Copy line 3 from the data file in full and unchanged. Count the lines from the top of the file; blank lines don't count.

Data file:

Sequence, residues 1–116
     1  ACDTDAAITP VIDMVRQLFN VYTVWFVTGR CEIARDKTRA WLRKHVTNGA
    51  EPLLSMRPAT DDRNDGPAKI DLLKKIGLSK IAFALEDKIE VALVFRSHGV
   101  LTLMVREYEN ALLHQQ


    51  EPLLSMRPAT DDRNDGPAKI DLLKKIGLSK IAFALEDKIE VALVFRSHGV